This week I finished the second, and final (ish), draft of a short story I wrote about a year ago. The original was entitled ‘The Inevitable’. Without giving too much away, it concerned the return of a Canterburian cleric to his childhood home in Cornwall. The Canterburian’s world is a parallel of our own in which children are ‘read’ at an early age and given the precise date of their death. I was never sure what this information would do to a society. I realised, several weeks after writing the first draft, that I wanted to get to the heart of something that consistently amazes me about the human condition: people seem able to carry on regardless of the fact that they are certain to die. Where is the depression? What cures it? This odd heroism makes a fitting subject for a story, I think, and the first draft was a good stab at creating the mood I was reaching for.
A few weeks ago, I was prompted by a friend to read A. L. Rowse’s ‘A Cornish Childhood’. It turns out that my friend’s mother nursed the nonagenarian Rowse in his final days at Mount Edgcombe Hospice, St Austell. I’m Cornish myself, so I was interested to read about the childhood of this great Oxford historian and public figure. He was certainly a complex individual, perhaps homosexual and struggling against it, and I was gripped by his constant attacks on destiny and fate. He was a self-made man who broke the yoke of his unintellectual family and ultimately triumphed. (One can’t help but feel very sorry for him; his love-hatred for Cornwall crippled him emotionally, while simultaneously providing him with a drive to succeed. His attacks on members of his family, such as his brother, are startling and disappointing.)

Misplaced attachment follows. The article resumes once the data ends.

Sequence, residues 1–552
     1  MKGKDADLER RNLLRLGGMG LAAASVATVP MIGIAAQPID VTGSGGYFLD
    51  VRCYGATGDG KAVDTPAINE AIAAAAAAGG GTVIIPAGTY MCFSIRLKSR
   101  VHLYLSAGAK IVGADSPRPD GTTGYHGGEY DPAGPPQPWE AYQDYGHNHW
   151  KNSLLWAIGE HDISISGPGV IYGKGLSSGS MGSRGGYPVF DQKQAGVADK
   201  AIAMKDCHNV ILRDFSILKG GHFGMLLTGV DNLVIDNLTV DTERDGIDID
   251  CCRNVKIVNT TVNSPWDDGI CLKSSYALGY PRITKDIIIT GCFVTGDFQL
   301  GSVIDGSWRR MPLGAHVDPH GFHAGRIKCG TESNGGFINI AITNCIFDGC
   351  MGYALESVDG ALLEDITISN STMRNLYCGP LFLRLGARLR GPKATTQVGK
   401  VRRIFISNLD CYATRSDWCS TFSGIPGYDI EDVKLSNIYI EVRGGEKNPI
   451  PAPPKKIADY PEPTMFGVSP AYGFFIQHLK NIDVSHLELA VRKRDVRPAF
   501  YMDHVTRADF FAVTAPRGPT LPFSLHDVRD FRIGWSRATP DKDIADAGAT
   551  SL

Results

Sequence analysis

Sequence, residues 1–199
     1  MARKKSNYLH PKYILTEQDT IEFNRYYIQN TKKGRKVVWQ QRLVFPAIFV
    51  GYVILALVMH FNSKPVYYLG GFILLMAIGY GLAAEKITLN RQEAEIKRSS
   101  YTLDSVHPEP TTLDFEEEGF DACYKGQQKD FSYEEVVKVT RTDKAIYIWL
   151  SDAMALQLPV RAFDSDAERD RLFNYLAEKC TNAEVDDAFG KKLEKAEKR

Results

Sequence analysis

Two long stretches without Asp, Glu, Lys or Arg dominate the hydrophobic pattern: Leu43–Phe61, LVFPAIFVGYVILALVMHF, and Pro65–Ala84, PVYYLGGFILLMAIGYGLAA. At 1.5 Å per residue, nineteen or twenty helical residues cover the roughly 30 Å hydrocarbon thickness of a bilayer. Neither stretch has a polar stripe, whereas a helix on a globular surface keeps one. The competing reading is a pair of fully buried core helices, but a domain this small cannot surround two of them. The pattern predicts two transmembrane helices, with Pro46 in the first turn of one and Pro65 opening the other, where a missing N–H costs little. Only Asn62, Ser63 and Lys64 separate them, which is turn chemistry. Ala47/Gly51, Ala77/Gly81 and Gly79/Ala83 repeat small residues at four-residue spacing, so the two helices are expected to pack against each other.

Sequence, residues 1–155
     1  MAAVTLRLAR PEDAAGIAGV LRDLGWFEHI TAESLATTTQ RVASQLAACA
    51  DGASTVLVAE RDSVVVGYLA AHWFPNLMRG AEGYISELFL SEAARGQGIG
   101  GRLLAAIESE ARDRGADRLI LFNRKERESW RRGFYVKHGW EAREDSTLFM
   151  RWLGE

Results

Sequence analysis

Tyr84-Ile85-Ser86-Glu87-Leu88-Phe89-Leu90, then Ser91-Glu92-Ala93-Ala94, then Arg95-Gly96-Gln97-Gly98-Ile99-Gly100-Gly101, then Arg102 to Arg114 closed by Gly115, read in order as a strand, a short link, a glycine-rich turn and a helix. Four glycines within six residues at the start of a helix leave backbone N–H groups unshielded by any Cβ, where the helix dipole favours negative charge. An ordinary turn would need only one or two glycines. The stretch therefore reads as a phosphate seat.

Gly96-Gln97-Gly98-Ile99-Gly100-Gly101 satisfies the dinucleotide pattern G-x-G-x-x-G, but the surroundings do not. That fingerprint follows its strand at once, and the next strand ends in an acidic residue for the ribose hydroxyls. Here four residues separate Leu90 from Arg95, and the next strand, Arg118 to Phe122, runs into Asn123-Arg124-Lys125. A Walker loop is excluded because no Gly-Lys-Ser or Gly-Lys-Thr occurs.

With Rowse in mind, I rewrote ‘The Inevitable’ as ‘Coming Home’. The story is now set in the far future. The protagonist, Fairweather, shares some of Rowse’s precocity — hopefully, some of his voice too — and the story now attempts to fuse the feeling of inevitable death with the triumph (in the end, a failure) of tihs man’s dignity and humility. I’ll take the unusual step of including my story in this blog.
I have five days until my death. My family have arranged a farewell party for Saturday, which will be my last. That day will be followed by my last Sunday. On the Monday I will die. The date of that Monday is as familiar to me as my name or the dull angles of the house I grew up in, a house in a village by the sea. Cornwall: my life’s magnet.